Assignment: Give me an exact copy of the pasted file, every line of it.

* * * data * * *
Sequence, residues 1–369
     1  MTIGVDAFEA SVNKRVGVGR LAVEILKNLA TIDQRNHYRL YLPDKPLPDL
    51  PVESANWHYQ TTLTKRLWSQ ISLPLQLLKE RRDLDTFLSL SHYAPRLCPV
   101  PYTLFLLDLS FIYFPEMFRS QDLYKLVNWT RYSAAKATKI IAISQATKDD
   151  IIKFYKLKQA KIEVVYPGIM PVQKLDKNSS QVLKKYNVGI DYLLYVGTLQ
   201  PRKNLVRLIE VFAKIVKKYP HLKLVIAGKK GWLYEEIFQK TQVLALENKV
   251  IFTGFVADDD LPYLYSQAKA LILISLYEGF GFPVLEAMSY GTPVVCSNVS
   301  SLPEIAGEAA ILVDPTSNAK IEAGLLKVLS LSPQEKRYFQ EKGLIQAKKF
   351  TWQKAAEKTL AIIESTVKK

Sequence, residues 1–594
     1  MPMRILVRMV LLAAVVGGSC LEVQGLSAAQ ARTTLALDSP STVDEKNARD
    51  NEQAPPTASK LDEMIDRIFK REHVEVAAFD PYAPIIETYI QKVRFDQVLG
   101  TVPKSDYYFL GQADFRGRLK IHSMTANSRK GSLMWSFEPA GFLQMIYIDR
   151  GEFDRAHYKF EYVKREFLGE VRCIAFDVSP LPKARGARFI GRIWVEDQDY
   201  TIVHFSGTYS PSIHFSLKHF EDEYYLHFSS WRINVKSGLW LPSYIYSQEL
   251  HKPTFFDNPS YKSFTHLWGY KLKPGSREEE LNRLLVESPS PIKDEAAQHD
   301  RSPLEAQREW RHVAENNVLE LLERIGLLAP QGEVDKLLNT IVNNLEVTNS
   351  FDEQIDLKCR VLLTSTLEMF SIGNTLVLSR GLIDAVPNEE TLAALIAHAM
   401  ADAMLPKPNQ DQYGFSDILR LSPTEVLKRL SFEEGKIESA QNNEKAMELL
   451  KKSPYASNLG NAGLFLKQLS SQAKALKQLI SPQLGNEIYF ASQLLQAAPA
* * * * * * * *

Sequence, residues 1–369
     1  MTIGVDAFEA SVNKRVGVGR LAVEILKNLA TIDQRNHYRL YLPDKPLPDL
    51  PVESANWHYQ TTLTKRLWSQ ISLPLQLLKE RRDLDTFLSL SHYAPRLCPV
   101  PYTLFLLDLS FIYFPEMFRS QDLYKLVNWT RYSAAKATKI IAISQATKDD
   151  IIKFYKLKQA KIEVVYPGIM PVQKLDKNSS QVLKKYNVGI DYLLYVGTLQ
   201  PRKNLVRLIE VFAKIVKKYP HLKLVIAGKK GWLYEEIFQK TQVLALENKV
   251  IFTGFVADDD LPYLYSQAKA LILISLYEGF GFPVLEAMSY GTPVVCSNVS
   301  SLPEIAGEAA ILVDPTSNAK IEAGLLKVLS LSPQEKRYFQ EKGLIQAKKF
   351  TWQKAAEKTL AIIESTVKK

Sequence, residues 1–594
     1  MPMRILVRMV LLAAVVGGSC LEVQGLSAAQ ARTTLALDSP STVDEKNARD
    51  NEQAPPTASK LDEMIDRIFK REHVEVAAFD PYAPIIETYI QKVRFDQVLG
   101  TVPKSDYYFL GQADFRGRLK IHSMTANSRK GSLMWSFEPA GFLQMIYIDR
   151  GEFDRAHYKF EYVKREFLGE VRCIAFDVSP LPKARGARFI GRIWVEDQDY
   201  TIVHFSGTYS PSIHFSLKHF EDEYYLHFSS WRINVKSGLW LPSYIYSQEL
   251  HKPTFFDNPS YKSFTHLWGY KLKPGSREEE LNRLLVESPS PIKDEAAQHD
   301  RSPLEAQREW RHVAENNVLE LLERIGLLAP QGEVDKLLNT IVNNLEVTNS
   351  FDEQIDLKCR VLLTSTLEMF SIGNTLVLSR GLIDAVPNEE TLAALIAHAM
   401  ADAMLPKPNQ DQYGFSDILR LSPTEVLKRL SFEEGKIESA QNNEKAMELL
   451  KKSPYASNLG NAGLFLKQLS SQAKALKQLI SPQLGNEIYF ASQLLQAAPA